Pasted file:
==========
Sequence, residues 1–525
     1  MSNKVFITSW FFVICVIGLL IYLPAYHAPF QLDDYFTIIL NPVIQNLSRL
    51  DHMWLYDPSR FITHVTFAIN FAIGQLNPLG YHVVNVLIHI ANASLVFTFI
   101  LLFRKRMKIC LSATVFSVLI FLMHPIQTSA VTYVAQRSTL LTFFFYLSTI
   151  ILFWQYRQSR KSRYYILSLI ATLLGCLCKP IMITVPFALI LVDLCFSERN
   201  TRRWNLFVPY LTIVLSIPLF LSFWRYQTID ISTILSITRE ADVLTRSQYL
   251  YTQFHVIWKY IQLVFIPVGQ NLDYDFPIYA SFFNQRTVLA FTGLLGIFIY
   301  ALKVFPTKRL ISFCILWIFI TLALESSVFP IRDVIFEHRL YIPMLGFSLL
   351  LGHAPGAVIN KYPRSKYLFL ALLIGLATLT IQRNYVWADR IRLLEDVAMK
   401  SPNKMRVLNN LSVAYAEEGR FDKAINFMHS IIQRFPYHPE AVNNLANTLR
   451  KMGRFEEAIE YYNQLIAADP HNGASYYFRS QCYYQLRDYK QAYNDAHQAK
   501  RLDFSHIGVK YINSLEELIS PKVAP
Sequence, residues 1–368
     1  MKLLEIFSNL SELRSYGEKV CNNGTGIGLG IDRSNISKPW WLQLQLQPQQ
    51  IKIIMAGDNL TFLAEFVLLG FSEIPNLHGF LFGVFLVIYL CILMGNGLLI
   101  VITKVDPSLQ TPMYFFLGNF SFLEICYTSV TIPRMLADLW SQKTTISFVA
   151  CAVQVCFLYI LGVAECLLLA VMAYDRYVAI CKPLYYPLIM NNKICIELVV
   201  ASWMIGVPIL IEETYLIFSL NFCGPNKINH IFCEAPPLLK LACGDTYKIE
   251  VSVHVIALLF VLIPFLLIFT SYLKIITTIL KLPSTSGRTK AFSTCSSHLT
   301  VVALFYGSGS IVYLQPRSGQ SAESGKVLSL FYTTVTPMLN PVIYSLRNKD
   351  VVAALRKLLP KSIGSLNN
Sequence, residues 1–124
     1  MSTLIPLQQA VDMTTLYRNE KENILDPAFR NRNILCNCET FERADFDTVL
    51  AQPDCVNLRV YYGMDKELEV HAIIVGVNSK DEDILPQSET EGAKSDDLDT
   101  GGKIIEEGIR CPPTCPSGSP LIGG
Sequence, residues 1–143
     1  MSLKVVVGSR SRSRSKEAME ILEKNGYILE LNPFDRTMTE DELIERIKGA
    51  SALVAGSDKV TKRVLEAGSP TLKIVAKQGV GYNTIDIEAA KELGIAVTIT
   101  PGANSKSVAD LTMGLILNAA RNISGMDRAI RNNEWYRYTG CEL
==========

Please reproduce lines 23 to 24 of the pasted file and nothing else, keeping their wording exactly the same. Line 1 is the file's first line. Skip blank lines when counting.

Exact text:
     1  MSTLIPLQQA VDMTTLYRNE KENILDPAFR NRNILCNCET FERADFDTVL
    51  AQPDCVNLRV YYGMDKELEV HAIIVGVNSK DEDILPQSET EGAKSDDLDT